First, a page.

Another technological phenomenon central to The X Files was the internet. Not only did the plot lines of several episodes feature the internet, computers, or video games, fans of The X Files are widely recognized as some of the first to embrace the medium as an outlet for fandom. “X Philes,” as they dubbed themselves, took to chat rooms and online forums in record breaking numbers to discuss their favorite show and post original pieces of fanfic.
Additionally, The X Files was featured in a first person, CD-ROM game for MAC and PC. In the game, you were a new agent saddled not only with the task of finding the missing Mulder and Scully, but changing the CD as you progressed.
What would a 90’s show be without ubiquitous catch-phrases? The X Files certainly had it’s share of mostly serious expressions. I defy you to hear any of the below without immediately hearing the theme music!
I Want to Believe
The Truth is Out There
Trust No One
Of course, the most fun catch-phrases are the unintentional. I present to you “Mulder, it’s me.”
Guest Stars and Crossovers
Casting nine seasons worth of an hour long drama with relatively few recurring characters is sure to result in quite a roster. The X Files definitely had it’s share of recognizable guest stars, (Ed Asner, Lily Tomlin, Tony Shaloub, Peter Boyle, Luke Wilson, Bryan Cranston, and even Tom Selleck, to name a few) but was probably more notable for the bit parts played by relatively unknown actors. It’s a list that could go on for pages, but here are few of the highlights. Look up their episodes to catch a glimpse of these famous faces early in their careers!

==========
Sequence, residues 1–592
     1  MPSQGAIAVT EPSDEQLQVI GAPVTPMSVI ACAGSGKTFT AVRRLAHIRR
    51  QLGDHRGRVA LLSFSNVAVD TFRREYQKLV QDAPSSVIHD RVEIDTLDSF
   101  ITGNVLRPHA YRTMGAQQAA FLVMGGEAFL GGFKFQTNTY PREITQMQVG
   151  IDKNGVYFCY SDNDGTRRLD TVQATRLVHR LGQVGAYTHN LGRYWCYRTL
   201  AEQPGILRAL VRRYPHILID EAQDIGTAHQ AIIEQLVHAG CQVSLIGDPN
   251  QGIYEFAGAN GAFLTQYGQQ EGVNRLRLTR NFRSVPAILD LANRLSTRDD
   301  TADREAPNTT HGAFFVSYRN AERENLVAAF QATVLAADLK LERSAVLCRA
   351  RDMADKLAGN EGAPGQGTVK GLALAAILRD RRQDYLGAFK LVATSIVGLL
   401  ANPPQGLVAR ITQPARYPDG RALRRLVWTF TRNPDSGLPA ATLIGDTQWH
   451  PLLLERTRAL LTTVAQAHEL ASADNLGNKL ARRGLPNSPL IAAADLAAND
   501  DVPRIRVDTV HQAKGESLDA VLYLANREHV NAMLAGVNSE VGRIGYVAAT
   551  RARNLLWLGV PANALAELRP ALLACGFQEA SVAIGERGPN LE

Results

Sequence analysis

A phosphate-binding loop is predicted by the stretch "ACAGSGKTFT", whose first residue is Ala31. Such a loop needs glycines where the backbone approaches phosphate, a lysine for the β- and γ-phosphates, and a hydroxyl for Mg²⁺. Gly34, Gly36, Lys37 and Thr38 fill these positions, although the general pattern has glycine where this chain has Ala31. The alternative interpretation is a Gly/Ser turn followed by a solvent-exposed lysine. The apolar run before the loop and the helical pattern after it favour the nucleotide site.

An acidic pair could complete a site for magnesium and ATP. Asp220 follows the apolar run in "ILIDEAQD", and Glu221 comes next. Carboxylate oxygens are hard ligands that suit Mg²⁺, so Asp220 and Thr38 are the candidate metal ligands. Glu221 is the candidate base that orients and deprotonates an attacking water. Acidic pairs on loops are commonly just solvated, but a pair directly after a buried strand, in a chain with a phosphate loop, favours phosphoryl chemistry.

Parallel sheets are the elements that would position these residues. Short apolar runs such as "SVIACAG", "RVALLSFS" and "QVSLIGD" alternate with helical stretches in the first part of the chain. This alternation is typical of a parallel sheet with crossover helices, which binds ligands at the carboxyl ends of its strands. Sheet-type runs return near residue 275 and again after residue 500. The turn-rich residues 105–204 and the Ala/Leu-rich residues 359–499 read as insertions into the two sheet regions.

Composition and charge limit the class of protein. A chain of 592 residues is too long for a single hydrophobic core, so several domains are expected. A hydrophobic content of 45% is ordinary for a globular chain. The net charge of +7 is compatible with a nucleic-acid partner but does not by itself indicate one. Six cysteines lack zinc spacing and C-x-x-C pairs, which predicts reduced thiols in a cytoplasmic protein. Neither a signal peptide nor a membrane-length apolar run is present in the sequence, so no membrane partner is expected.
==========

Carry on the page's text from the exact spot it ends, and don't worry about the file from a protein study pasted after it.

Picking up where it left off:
Seth Green - As a stoner with a scooter in the second episode of the series. And, no, I don’t know why Mulder is standing like that.
Ryan Reynolds - As a high school hunk murdered by a pair of girls with telekinetic powers in the episode “Syzygy”
Michael Buble - Yes, Michael Buble. As a submarine sailor with no speaking lines in “Apocrypha” and “Piper Maru.”
Lucy Liu - As the daughter of a Chinese immigrant caught in a black market lottery for human organs in “Hell Money.”
Jack Black and Giovanni Ribisi - As a teen with the ability to control electricity (Ribisi) and his friend (Black) who mysteriously winds up electrocuted in “D.P.O.”
Willie Garson - The erstwhile Stanford Blatch was actually in two episodes of The X Files as two different characters, first in season 3’s “The Walk” and then in season 7’s “The Goldberg Variation.”
Shia LaBeouf - Along with Willie Garson in “The Goldberg Variation.”
The X Files also participated in the grand TV tradition of crossover appearances. Detective Munch from Homicide: Life on the Street and Law & Order:SVU stopped by to arrest Mulder and his pals, the Lone Gunmen, in a flashback episode. Frank Black of Millennium came over to assist Mulder and Scully with a time sensitive New Year’s Eve case. And Mulder and Scully even made a detour through Springfield to help solve the mystery of an “alien” appearing in the woods on the edge of town. (Spoiler, it was Mr. Burns suffering the side effects of a radical anti-aging treatment performed by Dr. Nick!)